Sobennikoffia robusta
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Old 06-19-2022, 09:13 AM
Keysguy Keysguy is offline
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Location: Lower Florida Keys
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Sobennikoffia robusta Male
Default Sobennikoffia robusta

I did a search and was only able to find a couple references to this plant in these forums so obviously not a plant that you come across very often. Honestly, I had never even heard of Sobennikoffia when I first saw the plant and had to go look it up to see if it was something I could grow. There's not a lot of info anywhere on this genus that is from the northwest corner of Madagascar and are related to Angraecums.

It had just the first sign of a spike starting when I bought it about 3 months ago. It was progressing well so I packed it into the car for the trip north for the summer so I could see what it looked like. Another keeper! I love the flowers which, shape-wise, resemble a cornucopia to me. They are pure white with a pale green center and a very faint sweet evening fragrance. Flowers are roughly 3" long by 1 1/2" wide in the front. There are 3 spikes here. The plant is an epiphyte and looks just like a medium sized Vanda.

What little info I have found claims these guys are temp tolerant (cool to warm grower) and want lower light than vandas as they grow at the base of mature trees.

Worth adding to your collection if you can find one.
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Old 06-19-2022, 11:04 AM
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WaterWitchin WaterWitchin is offline

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Love those blooms! Nice one.
Caveat: Everything suggested is based on my environment and culture. Please adjust accordingly.
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Old 06-19-2022, 12:53 PM
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estación seca estación seca is offline
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Sobennikoffia robusta

Join Date: Jun 2015
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Location: Phoenix AZ - Lower Sonoran Desert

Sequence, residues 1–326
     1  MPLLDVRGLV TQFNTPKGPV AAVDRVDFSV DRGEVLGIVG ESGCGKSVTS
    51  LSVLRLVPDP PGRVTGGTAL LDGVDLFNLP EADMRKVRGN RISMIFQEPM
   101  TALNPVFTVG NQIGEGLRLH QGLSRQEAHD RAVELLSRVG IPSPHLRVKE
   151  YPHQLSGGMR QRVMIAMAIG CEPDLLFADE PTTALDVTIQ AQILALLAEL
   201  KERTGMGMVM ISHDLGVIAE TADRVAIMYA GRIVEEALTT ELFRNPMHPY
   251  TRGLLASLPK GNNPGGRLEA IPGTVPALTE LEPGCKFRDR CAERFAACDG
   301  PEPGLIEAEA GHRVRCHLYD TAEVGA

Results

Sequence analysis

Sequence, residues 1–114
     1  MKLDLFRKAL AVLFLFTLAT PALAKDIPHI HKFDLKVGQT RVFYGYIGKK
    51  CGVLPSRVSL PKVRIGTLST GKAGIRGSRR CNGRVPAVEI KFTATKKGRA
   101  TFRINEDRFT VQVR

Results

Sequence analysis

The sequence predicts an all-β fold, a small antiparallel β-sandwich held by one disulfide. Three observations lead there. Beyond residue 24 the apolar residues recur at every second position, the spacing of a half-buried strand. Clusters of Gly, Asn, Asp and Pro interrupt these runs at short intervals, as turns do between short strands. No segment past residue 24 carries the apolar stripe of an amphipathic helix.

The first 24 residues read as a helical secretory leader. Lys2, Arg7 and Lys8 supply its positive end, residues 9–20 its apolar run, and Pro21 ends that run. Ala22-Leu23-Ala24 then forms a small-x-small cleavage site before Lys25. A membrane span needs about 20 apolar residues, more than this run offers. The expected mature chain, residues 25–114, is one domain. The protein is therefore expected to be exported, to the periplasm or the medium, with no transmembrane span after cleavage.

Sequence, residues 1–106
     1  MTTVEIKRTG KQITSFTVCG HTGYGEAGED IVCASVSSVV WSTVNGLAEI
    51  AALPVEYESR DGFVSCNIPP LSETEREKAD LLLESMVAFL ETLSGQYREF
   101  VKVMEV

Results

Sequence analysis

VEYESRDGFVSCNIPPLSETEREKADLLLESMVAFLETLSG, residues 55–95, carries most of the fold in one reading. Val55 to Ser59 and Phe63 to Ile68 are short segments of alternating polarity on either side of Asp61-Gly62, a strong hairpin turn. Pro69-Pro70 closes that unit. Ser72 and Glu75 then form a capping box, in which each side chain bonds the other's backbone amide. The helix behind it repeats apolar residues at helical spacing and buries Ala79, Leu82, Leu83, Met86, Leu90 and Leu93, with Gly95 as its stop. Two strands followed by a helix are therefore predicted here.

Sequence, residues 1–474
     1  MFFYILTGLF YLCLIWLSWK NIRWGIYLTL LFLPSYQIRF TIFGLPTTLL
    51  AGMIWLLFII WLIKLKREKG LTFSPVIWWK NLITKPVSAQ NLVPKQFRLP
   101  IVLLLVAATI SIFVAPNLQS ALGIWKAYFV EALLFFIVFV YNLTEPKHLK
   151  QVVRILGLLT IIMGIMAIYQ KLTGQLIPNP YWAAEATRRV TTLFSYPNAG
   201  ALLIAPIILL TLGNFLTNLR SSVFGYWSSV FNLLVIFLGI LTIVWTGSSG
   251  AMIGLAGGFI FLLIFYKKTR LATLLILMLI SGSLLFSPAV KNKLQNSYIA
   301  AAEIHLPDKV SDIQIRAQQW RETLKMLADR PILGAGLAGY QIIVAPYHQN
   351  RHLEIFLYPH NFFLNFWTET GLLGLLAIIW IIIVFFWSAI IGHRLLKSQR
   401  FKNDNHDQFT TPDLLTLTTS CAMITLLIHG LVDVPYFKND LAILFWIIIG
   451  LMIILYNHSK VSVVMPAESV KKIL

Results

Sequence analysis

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Sobennikoffia robusta Male

That is absolutely beautiful!

It took me a long time to find one Mine isn't flowering sized yet. It came from Louisiana Orchid Connection.

You have flowered it well, so you figured out how to grow it in your conditions. I wouldn't change anything. For others here I will offer some suggestions from a true expert who knew this plant in habitat.

My departed friend John Lavranos was a well-known plant explorer, especially for his work in the Horn of Africa, Yemen and Madagascar. He also described new species of Encephalartos from the Republic of South Africa. He discovered or described more than 10% of all known Aloe species.

I met him when he and Gary James of California were botanists on a Madagascar plant tour organized by the Cactus and Succulent Society of America. We didn't go to that part of the island. However, he told me I need to grow this plant because it should do well for me outside! I was quite surprised, but John visited Arizona in 2009 for the Tucson CSSA Convention, and he also visited the Phoenix area, so he knew our summer climate.

He told me they grow at the bases of trees, where they often receive full morning or afternoon sun. This is a very warm and humid part of Madagascar, with daytime temperatures usually over 85 F / 30C. They grow in leaf litter, with roots extending into the loose soil and gravel.